As the Safari Club was beginning operations, former CIA Director Richard Helms and agent Theodore "Ted" Shackley were under scrutiny from Congress and feared that new covert operations could be quickly exposed. Peter Dale Scott has classified the Safari Club as part of the "second CIA"—an extension of the organization's reach maintained by an autonomous group of key agents. Thus even as Carter's new CIA director Stansfield Turner attempted to limit the scope of the agency's operations, Shackley, his deputy Thomas Clines, and agent Edwin P. Wilson secretly maintained their connections with the Safari Club and the BCCI.
The Club used an informal division of labor in conducting its global operations. Saudi Arabia provided money, France provided high-end technology, and Egypt and Morocco supplied weapons and troops. The group typically coordinated with American and Israeli intelligence agencies.
Shaba I airlift
The group's first action came in March–April 1977, in response to the Shaba I conflict in the Congo. The Club came to the aid of Zaire—led by the Western-backed and anti-Communist Mobutu—in repelling an invasion by the Front for the National Liberation of the Congo (FNLC). France airlifted Moroccan and Egyptian troops into Shaba province and successfully repelled the attackers. Belgium and the United States also provided material support. The Shaba conflict served as a front in the Angolan Civil War and also helped to defend French and Belgian mining in the Congo.
The Safari Club ultimately provided $5 million USD in assistance for Jonas Savimbi's National Union for the Total Independence of Angola (UNITA).
Egypt–Israel peace talks
The group helped to mediate talks between Egypt and Israel, leading to Sadat's visit to Jerusalem in 1977, the Camp David Accords in 1978, and the Egypt–Israel Peace Treaty in 1979. This process began with a Moroccan member of the Safari Club personally transporting a letter from Yitzhak Rabin to Sadat (and reportedly warning him of a Libyan assassination plot); this message was followed by secret talks in Morocco—supervised by King Hassan II—with Israeli general Moshe Dayan, Mossad director Yitzhak Hofi and Egyptian intelligence agent Hassan Tuhami. Immediately after Turner told an Israeli delegation that the CIA would no longer provide special favors to Israel, Shackley (who remained active in the Safari Club) contacted Mossad and presented himself as their CIA contact.
Ethiopia and Somalia
The Safari Club backed Somalia in the 1977–1978 Ethio-Somali War after Cuba and the USSR sided with Ethiopia. This conflict erupted when Somalia attempted to gain control over the (ethnically Somali) Ogaden region of Ethiopia. Prior to the war, the USSR had supported both states militarily. After failing to negotiate a ceasefire, the USSR intervened to defend Ethiopia. The Soviet-backed Ethiopian forces—supported by more than ten thousand troops from Cuba, more than one thousand military advisors, and about $1 billion worth of Soviet armaments—defeated the Somali army and threatened a counter-attack. The Safari Club approached Somalian leader Siad Barre and offered arms in exchange for repudiating the Soviet Union. Barre agreed, and Saudi Arabia paid Egypt $75 million for its older Soviet weapons. Iran supplied old weapons (reportedly including M-48 tanks) from the U.S.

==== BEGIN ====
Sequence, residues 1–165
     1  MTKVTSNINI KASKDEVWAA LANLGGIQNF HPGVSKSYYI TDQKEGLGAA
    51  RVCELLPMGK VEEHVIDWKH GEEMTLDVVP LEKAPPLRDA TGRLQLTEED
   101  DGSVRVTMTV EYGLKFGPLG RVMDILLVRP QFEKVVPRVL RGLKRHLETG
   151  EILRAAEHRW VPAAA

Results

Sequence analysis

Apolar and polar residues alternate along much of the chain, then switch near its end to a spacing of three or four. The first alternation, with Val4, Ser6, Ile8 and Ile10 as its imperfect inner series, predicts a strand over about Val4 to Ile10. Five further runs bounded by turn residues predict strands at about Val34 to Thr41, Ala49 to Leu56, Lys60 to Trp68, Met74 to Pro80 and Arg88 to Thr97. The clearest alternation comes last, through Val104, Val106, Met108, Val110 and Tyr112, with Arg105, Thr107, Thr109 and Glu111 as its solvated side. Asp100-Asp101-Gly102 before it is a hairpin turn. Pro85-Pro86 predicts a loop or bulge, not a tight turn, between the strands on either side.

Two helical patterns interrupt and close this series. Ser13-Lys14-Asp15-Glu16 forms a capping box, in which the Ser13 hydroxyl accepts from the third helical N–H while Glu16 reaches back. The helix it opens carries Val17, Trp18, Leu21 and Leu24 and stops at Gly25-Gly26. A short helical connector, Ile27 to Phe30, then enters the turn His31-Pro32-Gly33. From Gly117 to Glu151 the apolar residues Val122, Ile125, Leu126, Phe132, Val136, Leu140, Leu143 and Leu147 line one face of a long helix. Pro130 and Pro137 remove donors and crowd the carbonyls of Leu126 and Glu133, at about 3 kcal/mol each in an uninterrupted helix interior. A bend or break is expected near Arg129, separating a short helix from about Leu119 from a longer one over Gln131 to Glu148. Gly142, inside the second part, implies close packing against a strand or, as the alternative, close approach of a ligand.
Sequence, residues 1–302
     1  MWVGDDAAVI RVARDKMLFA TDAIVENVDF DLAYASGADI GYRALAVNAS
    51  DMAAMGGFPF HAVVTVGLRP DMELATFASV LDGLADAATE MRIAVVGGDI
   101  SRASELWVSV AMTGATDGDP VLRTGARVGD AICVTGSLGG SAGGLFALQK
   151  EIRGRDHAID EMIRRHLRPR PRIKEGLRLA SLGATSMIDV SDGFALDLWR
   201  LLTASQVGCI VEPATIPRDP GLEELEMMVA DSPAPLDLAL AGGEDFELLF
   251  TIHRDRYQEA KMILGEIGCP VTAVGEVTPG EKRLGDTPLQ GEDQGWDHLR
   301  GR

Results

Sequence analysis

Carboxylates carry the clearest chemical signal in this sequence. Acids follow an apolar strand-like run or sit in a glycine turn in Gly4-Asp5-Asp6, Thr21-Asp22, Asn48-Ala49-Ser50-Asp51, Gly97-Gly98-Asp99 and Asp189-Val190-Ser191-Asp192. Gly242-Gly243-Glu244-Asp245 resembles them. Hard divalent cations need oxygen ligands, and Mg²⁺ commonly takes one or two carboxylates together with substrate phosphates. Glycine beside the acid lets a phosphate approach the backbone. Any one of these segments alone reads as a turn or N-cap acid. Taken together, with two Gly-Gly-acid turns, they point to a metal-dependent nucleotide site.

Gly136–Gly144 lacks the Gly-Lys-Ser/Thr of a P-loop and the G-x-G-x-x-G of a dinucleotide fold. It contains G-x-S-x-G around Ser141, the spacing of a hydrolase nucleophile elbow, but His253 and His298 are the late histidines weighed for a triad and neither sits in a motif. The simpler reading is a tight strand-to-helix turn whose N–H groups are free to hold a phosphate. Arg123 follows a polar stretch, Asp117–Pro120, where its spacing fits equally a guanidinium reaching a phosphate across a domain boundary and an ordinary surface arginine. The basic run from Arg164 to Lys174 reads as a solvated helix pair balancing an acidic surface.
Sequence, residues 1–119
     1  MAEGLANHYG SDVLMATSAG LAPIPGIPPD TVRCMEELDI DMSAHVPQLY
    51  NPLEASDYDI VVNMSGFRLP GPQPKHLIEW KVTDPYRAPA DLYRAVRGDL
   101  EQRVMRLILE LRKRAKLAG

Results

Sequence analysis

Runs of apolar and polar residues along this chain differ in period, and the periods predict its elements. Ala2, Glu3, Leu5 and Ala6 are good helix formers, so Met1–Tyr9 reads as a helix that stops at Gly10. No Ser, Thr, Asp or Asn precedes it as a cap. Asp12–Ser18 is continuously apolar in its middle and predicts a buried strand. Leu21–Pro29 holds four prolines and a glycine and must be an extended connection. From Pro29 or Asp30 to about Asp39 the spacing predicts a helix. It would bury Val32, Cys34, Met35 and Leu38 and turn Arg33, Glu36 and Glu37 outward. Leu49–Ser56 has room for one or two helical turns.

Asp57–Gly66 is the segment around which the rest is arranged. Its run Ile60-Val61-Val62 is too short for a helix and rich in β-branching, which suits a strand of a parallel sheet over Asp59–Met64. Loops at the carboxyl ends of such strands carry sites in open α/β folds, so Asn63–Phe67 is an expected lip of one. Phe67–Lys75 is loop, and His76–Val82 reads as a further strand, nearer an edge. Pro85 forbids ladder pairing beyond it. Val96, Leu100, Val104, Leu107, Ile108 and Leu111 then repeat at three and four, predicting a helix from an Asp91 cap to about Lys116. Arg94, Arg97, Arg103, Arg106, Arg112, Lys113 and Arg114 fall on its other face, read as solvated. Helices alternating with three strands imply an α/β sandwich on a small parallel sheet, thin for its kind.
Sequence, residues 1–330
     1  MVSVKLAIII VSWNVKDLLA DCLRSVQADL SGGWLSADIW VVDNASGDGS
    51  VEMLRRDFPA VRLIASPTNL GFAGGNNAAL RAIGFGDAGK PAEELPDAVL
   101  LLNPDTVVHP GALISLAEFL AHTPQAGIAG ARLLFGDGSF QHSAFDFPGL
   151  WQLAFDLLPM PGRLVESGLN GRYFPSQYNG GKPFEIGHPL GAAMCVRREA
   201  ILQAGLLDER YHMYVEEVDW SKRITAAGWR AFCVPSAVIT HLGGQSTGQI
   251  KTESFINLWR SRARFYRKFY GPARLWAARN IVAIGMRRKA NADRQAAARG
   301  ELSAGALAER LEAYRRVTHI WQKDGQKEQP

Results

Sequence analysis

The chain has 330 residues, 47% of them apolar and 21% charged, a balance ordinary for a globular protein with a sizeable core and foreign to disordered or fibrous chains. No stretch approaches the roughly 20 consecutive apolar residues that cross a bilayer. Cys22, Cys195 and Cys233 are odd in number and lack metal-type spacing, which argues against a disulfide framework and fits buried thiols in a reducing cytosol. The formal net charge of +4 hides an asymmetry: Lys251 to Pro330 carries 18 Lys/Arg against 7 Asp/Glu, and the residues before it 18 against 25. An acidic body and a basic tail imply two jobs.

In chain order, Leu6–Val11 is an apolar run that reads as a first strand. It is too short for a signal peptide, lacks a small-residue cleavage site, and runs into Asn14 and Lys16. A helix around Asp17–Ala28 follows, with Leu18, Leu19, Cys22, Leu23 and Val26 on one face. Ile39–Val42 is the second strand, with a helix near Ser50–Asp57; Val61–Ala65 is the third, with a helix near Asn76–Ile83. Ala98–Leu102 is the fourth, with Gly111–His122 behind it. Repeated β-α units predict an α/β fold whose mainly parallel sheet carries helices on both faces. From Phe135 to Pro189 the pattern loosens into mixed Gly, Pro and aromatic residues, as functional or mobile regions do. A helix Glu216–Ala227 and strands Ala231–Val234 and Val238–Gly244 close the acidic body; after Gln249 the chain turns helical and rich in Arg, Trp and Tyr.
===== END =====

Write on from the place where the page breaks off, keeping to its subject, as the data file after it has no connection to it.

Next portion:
The events of Somalia brought unique divergence between the official policies of the U.S. and the Safari Club. Carter, perturbed by Somalia's unexpected aggressiveness, decided against publicly backing Somalia, and the shah of Iran was forced to deliver the message from Carter that "You Somalis are threatening to upset the balance of world power." But On 22 August 1980, Carter's Department of State announced a broad plan for military development in Somalia, including construction of a base as well as economic and military aid to the Somalian army. This policy that would continue into the Reagan administration.
The Club could not continue as it was when the 1978–1979 Iranian Revolution neutralized the Shah as an ally. However, arrangements between the remaining powers continued on the same course. William Casey, Ronald Reagan's campaign manager, succeeded Turner as director of the CIA. Casey took personal responsibility for maintaining contacts with Saudi intelligence, meeting monthly with Kamal Adham and then Prince Turki. Some of the same actors were later connected to the Iran–Contra affair.
The existence of the club was discovered by the Egyptian journalist Mohamed Hassanein Heikal, who was permitted to review documents confiscated during Revolution.
Safari Club members, the BCCI, and the United States cooperated in arming and funding the Afghan mujahideen to oppose the Soviet Union. The core of this plan was an agreement between the United States and Saudi Arabia to match each other in funding Afghan resistance to the USSR. Like military support for Somalia, this policy began in 1980 and continued into the Reagan administration.